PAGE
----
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Bible Commentaries

Arthur Peake's Commentary on the Bible

Job 40

 

 

Introduction

Job 38:1 to Job 42:6. The Divine Speeches.—Here after the Elihu interpolation Job 32-37, we return to the original poem and the solution of Job 31, in which Job summed up his second problem, that of Divine Providence, by challenging God to show the justice of His treatment of himself. The poet has no direct answer to give to the problem Job has raised. He cannot lift the veil of the future, and show another world where wrongs are righted and the balance of this world is redressed. He can only point to the creation and say, "God is there; how wonderful is His creative power." The world is certainly an enigma; well, let it be an enigma. God is greater than we. Moreover, the poet teaches that, enigma or no enigma, piety is still possible. Though Job never comes to understand the Divine Providence, yet he sees God face to face and bows in humility before Him. We may compare with the argument of the poet, "Providence is a mystery, but so is the creation," that of Butler's Analogy, "Revelation is a mystery, but so is nature."


Verses 1-14

Job 40:1-14. Divine Irony. The passage opens with a challenge to Job (Job 40:2) in which God drives home the lesson of the previous speech.

Job 40:1 is wanting in LXX and is a gloss.

Job 40:3-5 contains Job's reply, in which he humbles himself before God. Peake and Strahan, however, both think that these verses are properly to be taken immediately before Job 42:1-6; so that there is only one reply from Job. If Job had already humbled himself, there seems no need of a second Divine speech. If, however, Job 40:3-5 are part of Job's one and only reply then Job 40:6 f. is a gloss (Job 40:7 is repeated from Job 38:3), and Job 40:2, Job 40:8-14 are to be read continuously; Job 40:8 joins on well to Job 40:2. "Disannul my judgment" means "deny my justice." Job, in order to demonstrate his own innocence, has been led to challenge the moral order of the universe. He has not, however, taken a sufficiently wide point of view.

Job 40:9-14 explains why Job has failed. He cannot put himself in the place of God, and govern the world: thus neither can he understand the method of its government. In Job 40:13 c "the hidden place" seems to mean Sheol.

Job 40:14. "Then will I praise thee, that thy right hand getteth thee victory." Duhm explains this: "Thou hast so much care for my government of the world, thou wouldest no doubt maintain it better than I can do, for thou wouldst straightway smite down everyone who in any way seemed to thee dangerous or made himself displeasing to thee by arrogance. Man would, if he had God's power, in his zeal for righteousness and for his own honour become a tyrant. God because of His true superiority is patient, His apparent equanimity is therefore no proof of want of feeling for the right."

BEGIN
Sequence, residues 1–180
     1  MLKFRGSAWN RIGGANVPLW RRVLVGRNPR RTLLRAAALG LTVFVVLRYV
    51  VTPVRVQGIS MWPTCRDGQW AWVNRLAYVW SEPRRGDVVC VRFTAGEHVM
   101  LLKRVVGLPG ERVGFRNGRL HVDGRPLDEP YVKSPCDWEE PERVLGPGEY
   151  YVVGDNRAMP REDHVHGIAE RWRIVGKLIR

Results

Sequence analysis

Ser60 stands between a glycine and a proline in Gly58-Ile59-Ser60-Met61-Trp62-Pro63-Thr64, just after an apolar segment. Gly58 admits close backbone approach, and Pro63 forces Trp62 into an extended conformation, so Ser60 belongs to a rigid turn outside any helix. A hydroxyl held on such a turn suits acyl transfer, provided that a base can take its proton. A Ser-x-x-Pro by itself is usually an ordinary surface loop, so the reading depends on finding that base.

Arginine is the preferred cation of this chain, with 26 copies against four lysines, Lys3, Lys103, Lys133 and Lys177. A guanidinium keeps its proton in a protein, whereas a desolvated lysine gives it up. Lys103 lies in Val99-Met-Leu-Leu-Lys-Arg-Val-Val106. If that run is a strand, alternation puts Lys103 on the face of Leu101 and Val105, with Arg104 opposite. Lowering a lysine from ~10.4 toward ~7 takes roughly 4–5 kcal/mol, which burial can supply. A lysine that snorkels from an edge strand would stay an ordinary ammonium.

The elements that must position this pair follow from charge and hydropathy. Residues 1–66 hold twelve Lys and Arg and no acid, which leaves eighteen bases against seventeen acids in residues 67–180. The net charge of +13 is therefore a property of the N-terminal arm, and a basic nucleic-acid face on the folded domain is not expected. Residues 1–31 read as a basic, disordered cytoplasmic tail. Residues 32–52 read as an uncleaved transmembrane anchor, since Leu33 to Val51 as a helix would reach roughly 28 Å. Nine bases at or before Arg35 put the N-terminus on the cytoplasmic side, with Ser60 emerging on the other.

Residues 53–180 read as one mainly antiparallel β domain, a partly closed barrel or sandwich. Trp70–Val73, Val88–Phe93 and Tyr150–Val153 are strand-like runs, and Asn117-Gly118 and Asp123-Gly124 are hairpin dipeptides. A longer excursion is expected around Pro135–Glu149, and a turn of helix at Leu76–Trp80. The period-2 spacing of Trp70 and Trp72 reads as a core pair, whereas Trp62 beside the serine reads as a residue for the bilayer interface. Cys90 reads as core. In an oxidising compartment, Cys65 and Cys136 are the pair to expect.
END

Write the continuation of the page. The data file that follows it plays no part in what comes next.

Verses 15-24

Job 40:15 to Job 41:34. Behemoth and Leviathan. Most scholars regard this passage as a later addition to the poem. The point of Job 40:8-14 is God's reply to Job's criticism of His righteousness; the description of these beasts, however, illustrates at great length man's impotence, which is only a secondary thought in the previous Divine speech. They therefore divert attention from the main issue. Moreover, there is a great difference between these descriptions and those of Job 38:39 to Job 39:30. "Here the descriptions are heavy and laboured, gaining their effect, such as it is, by an accumulation of details, a catalogue of their points and minute descriptions of the various parts of their bodies. But the poet who gave us the pictures of the wild ass, the horse, and the eagle was a swift impressionist, springing imagination with a touch, not stifling it with the fullness of detail proper to a natural historian" (Peake).

A further question is whether, in accordance with the generally accepted view, Behemoth is the hippopotamus, and Leviathan the crocodile. Some modern scholars think they are mythological figures. Gunkel, followed by Zimmern, identifies Leviathan with the chaos-monster Tiamat, and Behemoth with her consort Kingu. In some cases this identification suits, while certain details do not fit the usual explanation. Still the mythological interpretation has not been generally accepted; the inappropriateness of details on the usual theory is explained by the imperfect knowledge or the poetical exaggeration of the author.

Job 40:15-24. Behemoth—The name means a huge beast; it is an intensive plural of behçmâh, beast. In Job 40:17 "He moveth his tail like a cedar" is an exaggeration: the tail is only a short, naked stump.

The statement that Behemoth is the chief of the ways of God (Job 40:19) suggests that he is God's masterpiece. We may, however, render "the beginning of the ways of God." The idea that Behemoth was the first animal might be derived from Genesis 1:24, where cattle (behmh) are placed first.

Job 40:19 b is corrupt. Giesebrecht reads "who is made to be ruler over his fellows." In Job 40:23 translate "a Jordan," the appellative denoting any torrent: the hippopotamus is not found in the Jordan. In Job 40:24 "when he is on the watch" is literally "in his eyes." The parallelism suggests that the meaning is "attack him in his eyes."

Duhm would place Job 41:9-12 here as the conclusion of the description of Behemoth.

 


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Bibliography Information
Peake, Arthur. "Commentary on Job 40:4". "Arthur Peake's Commentary on the Bible ". http://odl.studylight.org/commentaries/pfc/job-40.html. 1919.

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